Hole in the Wall Gang Camp

‘Home Away From Home'; Hole in the Wall Gang Campers Discuss Camp's Impact

Former campers and counselors share how Hole in The Wall has impacted their lives after a fire destroyed four of the camp's buildings Friday night.

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People who attend, work and volunteer at Hole in the Wall Gang Camp say they are heartbroken after a massive fire destroyed two buildings on the camp's site in Ashford.

Ashford fire officials said they responded to an alarm and several calls for smoke around 4:54 p.m. When they arrived they found very heavy fire in the main camp building, which is one building with small interconnected areas within.

According to the camp's CEO, nobody was injured in the Friday night fire, but the camp's arts and crafts, woodshop, cooking zone and camp store buildings are all destroyed.

Legendary actor Paul Newman founded the camp in 1988. Since then, they have provided medically-supervised summer camps and programs free of charge to children with serious illnesses.

“All of these good times I had there and it is gone like that," said Jack Krupienski from Vernon, reacting to video of the fire. "It is saddening really.”

Krupienski started attending Hole in the Wall Gang Camp when he was 9 years old and just months after he was diagnosed with an inoperable brain tumor.

“I would not shut up about all of the amazing things the place had to offer and from that point on, it was just my place to be," said Krupienski, who now attends college in Boston.

Krupienski said that camp gave him an opportunity to forget about his worries and just focus on being a kid.

A fast-moving fire destroyed buildings at the beloved Hole in the Wall Gang Camp in Ashford Friday.

It is the same reason that Daniela Ciriello's family loves camp. They call it their "home away from home."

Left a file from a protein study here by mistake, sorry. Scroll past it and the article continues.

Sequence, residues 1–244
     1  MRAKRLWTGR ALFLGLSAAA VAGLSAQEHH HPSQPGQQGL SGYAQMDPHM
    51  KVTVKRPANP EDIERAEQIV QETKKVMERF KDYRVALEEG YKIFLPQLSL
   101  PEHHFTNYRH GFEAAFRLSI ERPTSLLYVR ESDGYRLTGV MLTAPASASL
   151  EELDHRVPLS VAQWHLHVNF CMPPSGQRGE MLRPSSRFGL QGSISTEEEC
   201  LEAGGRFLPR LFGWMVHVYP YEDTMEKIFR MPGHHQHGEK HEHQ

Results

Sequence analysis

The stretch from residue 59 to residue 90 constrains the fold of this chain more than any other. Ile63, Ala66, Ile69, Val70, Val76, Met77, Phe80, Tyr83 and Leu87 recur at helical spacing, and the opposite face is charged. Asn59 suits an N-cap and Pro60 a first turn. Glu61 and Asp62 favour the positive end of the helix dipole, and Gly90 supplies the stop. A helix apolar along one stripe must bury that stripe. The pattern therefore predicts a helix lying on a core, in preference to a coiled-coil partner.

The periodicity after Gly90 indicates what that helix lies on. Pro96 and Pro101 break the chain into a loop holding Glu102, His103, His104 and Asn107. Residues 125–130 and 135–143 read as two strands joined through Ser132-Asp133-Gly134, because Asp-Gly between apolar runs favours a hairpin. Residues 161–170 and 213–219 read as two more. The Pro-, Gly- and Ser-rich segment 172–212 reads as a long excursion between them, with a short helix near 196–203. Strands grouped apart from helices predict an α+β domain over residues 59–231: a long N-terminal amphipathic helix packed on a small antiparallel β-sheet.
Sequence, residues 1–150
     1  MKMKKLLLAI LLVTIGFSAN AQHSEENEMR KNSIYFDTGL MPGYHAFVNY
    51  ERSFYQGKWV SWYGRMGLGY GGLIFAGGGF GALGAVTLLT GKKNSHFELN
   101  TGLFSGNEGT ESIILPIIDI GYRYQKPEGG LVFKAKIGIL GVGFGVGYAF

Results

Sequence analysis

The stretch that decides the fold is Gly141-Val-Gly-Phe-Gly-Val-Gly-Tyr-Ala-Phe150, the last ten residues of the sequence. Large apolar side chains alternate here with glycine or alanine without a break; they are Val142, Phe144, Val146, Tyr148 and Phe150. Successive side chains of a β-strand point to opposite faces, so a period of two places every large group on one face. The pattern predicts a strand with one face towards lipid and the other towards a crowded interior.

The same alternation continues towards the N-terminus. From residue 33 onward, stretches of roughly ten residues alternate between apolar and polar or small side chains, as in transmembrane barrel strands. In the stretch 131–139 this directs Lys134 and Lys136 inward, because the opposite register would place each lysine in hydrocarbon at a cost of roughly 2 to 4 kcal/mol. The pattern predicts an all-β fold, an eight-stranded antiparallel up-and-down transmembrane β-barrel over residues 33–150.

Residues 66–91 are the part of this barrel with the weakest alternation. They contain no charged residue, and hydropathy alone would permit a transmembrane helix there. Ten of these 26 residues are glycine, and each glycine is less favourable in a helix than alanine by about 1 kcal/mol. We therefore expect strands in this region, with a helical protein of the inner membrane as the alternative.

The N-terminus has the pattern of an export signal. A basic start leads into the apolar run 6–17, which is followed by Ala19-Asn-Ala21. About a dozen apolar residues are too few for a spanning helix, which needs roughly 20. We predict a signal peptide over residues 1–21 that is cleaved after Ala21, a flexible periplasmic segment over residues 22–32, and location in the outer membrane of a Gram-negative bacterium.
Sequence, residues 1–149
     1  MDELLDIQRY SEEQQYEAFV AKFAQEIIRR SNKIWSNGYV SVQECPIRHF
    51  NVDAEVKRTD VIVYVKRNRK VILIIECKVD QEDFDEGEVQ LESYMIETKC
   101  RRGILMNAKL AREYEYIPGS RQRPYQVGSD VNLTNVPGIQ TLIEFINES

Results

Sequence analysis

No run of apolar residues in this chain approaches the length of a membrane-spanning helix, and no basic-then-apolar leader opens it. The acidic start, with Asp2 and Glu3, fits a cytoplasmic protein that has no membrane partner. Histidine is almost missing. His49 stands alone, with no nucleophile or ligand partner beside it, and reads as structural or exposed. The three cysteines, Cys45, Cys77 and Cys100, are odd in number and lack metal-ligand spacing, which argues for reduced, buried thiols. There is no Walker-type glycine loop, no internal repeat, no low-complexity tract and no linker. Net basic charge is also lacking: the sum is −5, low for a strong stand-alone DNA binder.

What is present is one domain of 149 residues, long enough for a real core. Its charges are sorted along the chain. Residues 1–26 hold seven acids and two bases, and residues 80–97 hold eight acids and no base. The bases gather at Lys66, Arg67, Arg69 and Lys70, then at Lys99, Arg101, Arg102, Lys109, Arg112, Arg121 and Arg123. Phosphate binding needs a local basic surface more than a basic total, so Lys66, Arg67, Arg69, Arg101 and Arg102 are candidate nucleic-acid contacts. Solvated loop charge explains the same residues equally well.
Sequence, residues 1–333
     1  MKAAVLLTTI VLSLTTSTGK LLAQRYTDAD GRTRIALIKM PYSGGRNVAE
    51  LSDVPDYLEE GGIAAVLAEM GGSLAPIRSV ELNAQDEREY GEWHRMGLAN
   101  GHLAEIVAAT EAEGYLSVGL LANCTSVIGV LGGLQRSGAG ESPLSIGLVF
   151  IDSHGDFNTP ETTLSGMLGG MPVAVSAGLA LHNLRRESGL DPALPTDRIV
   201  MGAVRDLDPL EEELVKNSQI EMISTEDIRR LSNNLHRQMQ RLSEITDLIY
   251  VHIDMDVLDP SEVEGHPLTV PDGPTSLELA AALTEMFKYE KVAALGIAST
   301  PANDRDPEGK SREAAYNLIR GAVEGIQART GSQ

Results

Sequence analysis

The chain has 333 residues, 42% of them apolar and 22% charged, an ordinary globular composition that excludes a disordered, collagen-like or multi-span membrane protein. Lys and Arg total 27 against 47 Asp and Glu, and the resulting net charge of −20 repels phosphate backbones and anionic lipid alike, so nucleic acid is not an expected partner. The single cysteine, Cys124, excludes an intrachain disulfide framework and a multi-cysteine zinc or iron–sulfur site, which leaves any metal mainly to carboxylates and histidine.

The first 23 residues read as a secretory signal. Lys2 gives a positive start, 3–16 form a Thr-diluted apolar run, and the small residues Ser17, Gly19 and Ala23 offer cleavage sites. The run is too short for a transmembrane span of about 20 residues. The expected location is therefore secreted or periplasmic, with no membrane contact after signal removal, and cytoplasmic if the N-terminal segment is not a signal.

“When we are there, we kind of forget the outside world," said Daniel Ciriello, Daniela's father. "You forget medical bills and hospitals and doctors and concerns and you’re just there having fun.”

Daniela is living with a serious blood disorder. The Plainville family was introduced to camp four years ago. Daniela says it is her favorite place in the world.

“The place is special and to see those buildings that we have so many memories in and so many pictures from is just heartbreaking," said Ciriello.

Brandi Chapman is also having trouble processing the images of the fire.

She grew up in Ashford and was introduced to camp at a young age. At age 16, she started working at camp and eventually became a counselor. She has been connected ever since and said that the camp has changed her life.

“There’s really no other words to describe what camp means to people besides the most incredible place in the world," said Chapman.

As difficult as it is for the families to see the tragic images of the fire tonight, they are confident that the community will rebuild.

“Camp is going to go on," said Ciriello.

“This is not a community that gives up easily. Things will get better. They always do," said Krupienski. "We go on and we raise a little hell. This is just a bump in the road.”

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